Erection of the MR 160 C is simplified thanks to the rapid-pin connection of the equipped counter jib, which is secured by anti-chute devices. The jib foot can be fit by inserting into the notches of the slewing tower head, and both the hoisting and luffing winches operate by way of a rope reeving system for pinning the jib tie-bar line. The MR 160 C on display at Crane Days was configured with the new 75 HPL 25 high-performance winch to provide high speed and make high-rise construction easier. The updated winch offers a winding capacity of 3,136 feet and a maximum lifting speed of 705 feet per minute.


The Raimondi LR330 has a maximum jib length of 197 feet maximum capacity of 20 tons.


The Raimondi LR330, released in February 2018, has a maximum jib length of 197 feet and a maximum capacity of 20 tons, with two falls and four falls configurations. At the maximum radius, it can lift four tons in Ultralift mode. Seven different jib length configurations, from 98 to 197 feet, satisfy all needs in terms of specific jobsite configurations.

The LR330 may be equipped with three different hoisting winches: standard installed power of 80kW or the two falls configuration with the more powerful 110kW, while the four falls configuration has an installed power of 80kW. As the flagship crane of the new luffing range, Raimondi has incorporated a breakthrough equilateral triangular jib design to enhance several different aspects of the machine. Structurally optimized, this design allows for improved packaging and transportation, simplifies the construction phase and reduces wind impact on the jib, thereby decreasing the out-of-service radius, Raimondi said.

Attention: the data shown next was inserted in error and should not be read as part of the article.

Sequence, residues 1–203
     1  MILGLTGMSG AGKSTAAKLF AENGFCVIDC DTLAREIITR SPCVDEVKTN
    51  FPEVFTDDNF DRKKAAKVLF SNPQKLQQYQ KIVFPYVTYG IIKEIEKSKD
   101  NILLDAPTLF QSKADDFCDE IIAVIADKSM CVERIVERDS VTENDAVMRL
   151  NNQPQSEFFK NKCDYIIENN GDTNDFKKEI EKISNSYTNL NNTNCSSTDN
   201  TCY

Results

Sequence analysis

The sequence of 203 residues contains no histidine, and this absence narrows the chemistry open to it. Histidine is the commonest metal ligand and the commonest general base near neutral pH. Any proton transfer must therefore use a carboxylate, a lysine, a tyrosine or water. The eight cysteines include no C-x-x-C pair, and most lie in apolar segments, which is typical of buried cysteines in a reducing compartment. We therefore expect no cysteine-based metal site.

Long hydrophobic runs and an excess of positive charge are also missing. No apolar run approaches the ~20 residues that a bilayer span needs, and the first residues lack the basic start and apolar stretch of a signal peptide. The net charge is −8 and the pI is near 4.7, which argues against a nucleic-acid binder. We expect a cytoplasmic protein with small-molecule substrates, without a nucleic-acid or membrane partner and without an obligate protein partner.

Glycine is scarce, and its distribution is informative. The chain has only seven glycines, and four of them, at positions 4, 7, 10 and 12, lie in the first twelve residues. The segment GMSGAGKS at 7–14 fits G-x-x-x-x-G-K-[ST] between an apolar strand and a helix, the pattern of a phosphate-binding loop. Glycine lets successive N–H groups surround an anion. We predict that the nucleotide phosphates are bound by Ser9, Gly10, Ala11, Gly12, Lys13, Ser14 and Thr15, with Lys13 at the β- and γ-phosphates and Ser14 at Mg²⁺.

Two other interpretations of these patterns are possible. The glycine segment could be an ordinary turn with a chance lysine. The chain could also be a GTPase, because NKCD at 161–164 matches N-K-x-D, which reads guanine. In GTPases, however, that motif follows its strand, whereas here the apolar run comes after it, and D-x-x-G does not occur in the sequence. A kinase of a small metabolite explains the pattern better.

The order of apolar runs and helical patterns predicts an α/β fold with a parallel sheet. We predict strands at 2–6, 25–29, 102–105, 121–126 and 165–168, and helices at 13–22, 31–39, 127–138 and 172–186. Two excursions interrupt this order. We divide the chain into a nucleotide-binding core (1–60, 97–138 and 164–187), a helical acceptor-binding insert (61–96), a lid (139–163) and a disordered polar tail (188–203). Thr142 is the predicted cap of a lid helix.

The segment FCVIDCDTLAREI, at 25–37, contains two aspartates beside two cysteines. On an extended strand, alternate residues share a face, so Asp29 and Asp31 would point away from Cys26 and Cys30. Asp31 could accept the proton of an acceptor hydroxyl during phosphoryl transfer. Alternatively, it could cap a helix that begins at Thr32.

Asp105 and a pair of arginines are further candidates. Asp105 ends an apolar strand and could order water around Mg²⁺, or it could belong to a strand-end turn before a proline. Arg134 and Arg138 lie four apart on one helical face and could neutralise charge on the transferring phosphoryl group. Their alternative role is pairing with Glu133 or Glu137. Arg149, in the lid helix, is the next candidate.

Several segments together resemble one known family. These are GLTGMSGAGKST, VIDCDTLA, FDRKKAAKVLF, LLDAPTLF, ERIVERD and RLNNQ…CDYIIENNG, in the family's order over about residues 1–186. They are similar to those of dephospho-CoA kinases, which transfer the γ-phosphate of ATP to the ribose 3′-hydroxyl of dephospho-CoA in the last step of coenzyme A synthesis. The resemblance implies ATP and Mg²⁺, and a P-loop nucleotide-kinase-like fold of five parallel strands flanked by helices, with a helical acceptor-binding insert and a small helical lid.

Crane operators can choose between three different configurations, enabling a change in parameters related to the movement speeds and dynamic. This functionality allows operators to align the crane closer to their specific needs. To reduce pressure on the operator and simultaneously increase the overall level of onsite safety, the safety control system’s installed sensors monitor all of the crane’s movements and monitor the load in hazardous situations.


Saez has made improvements in its luffing-jib crane line in both the hydraulic and conventional ranges. In January 2018 the company unveiled the 8-ton hydraulic luffing-jib crane SLH 190. Some 30 units have been sold, the company said. Saez is set to launch a 10-ton hydraulic luffing-jib crane, the SLH 205. At Bauma Germany, Saez is planning to introduce the 16-ton hydraulic luffing-jib crane SLH 300. Focusing on the conventional luffing-jib cranes, Saez launched the 24-ton Saez SL 450 in July 2018.

TL 55 in Colorado

This year Saez launched two flat-top city class cranes: the TLS 55 13 and TLS 55 17. B.

In the saddle-jib tower crane class, this year Saez also launched two flat-top city class cranes: the TLS 55 13 and TLS 55 17. Both models are bigger versions of the previous TL 55 that boast a host of improvements to meet the demands of markets such as France, Germany and the United States. The tip load was increased from 1,200 kilograms at 55 meters to 1,350 and 1,750 kilograms respectively, and the maximum load was increased from 5,000 to 6,000 kilograms. Also, the hoist winch has been upgraded from an IP-23 standard 18 kW to an IP-55 new type 24 kW hoist mechanism, providing more hoist speed and a Lebus drum with more rope capacity, Saez said.